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Real Estate Report: Bringing the food truck indoors

A successful southern Maine food truck is putting down permanent roots in Scarborough.

A successful southern Maine food truck is putting down permanent roots in Scarborough.

Six years after Sarah Sutton and her husband, Karl, served their first lobster roll, this commercial kitchen is turning into a take-out and eat-in spot.

“In renovating the space we tore it down to the studs, we redid the floors, we added a countertop over here for service … We're really excited about it."

The space is almost ready after renovations to get it up to code. Sutton says this would have been nearly impossible without the success of their two food trucks.

The space is almost ready after renovations to get it up to code. Sutton says this would have been nearly impossible without the success of their two food trucks.

“Food trucks offer a lower income bracket to start a business, to figure out your concept, to see what works, what doesn't work,” she said.

This isn't the only business to go from truck to brick-and-mortar. After many years in the restaurant industry, Bill Leavy and Karl Deuben ran the Small Axe Truck for breakfast and lunch before taking over East Ender almost three years ago. It has gone through renovations and a menu revamp.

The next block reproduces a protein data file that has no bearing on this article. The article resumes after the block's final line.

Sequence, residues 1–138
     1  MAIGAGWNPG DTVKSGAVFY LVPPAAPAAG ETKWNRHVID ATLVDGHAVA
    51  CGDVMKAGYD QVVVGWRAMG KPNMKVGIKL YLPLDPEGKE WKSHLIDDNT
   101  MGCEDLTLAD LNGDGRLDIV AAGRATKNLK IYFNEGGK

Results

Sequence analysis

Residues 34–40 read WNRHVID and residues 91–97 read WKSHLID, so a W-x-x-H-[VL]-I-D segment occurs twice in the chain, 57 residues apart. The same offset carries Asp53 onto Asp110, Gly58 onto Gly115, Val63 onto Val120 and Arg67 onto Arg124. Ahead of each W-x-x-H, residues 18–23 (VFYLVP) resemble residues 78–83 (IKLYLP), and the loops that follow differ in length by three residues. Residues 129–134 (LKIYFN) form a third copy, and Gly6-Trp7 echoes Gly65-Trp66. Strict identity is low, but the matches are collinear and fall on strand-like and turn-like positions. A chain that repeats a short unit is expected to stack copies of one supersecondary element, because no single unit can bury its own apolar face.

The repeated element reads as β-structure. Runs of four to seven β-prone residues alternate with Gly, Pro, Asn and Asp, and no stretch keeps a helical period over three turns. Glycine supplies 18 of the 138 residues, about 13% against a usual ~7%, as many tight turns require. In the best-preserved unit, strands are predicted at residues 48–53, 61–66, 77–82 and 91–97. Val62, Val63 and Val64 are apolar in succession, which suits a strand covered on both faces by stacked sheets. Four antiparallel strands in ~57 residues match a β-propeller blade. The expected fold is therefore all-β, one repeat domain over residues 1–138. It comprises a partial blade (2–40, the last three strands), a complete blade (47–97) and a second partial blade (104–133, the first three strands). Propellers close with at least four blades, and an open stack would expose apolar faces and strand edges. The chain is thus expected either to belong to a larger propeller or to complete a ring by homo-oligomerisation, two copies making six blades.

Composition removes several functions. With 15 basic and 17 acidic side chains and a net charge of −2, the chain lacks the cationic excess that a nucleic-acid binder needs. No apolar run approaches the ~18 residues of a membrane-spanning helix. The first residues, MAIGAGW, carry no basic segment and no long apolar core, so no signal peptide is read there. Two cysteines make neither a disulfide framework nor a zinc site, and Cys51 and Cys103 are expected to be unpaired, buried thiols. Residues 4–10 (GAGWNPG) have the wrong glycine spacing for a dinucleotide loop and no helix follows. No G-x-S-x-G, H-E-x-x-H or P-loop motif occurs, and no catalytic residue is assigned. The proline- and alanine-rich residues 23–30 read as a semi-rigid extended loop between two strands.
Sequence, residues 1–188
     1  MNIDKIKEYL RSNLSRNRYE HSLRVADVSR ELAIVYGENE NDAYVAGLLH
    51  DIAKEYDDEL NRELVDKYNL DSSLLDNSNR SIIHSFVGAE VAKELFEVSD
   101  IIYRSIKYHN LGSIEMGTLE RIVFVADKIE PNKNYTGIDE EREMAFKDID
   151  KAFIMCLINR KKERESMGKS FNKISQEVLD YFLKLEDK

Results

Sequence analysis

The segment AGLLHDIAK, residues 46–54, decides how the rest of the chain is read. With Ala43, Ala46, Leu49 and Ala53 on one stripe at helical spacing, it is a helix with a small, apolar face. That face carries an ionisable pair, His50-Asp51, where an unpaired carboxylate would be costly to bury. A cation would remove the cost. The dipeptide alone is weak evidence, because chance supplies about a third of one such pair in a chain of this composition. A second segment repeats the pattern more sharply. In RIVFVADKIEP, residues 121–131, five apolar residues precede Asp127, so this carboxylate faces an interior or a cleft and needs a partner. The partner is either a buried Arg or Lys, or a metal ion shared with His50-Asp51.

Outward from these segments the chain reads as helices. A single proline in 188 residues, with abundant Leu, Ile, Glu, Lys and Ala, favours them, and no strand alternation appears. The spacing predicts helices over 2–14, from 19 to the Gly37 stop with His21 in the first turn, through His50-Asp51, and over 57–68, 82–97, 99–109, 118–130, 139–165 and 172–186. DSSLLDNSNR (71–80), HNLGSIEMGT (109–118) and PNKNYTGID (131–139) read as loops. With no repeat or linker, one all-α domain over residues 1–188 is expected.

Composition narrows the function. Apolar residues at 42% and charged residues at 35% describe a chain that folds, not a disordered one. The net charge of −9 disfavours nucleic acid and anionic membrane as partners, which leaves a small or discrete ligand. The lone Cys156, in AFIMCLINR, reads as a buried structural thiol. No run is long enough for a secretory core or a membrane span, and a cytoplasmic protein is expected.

“It took us to where we were looking to go and I think we could have done it a lot maybe some different ways. But I think it helped for us to get us to where we wanted to go,” Deuben said.

“It feels nice, you know, it's something we've always wanted to do, you know,” Leavy said. “We loved the food truck but that was, you know, just something we had to do at the time because we didn’t have everything ready for a brick and mortar space.”

Bite into Maine will still operate its food trucks during season, but the Suttons can now fill the demand in the winter months too.

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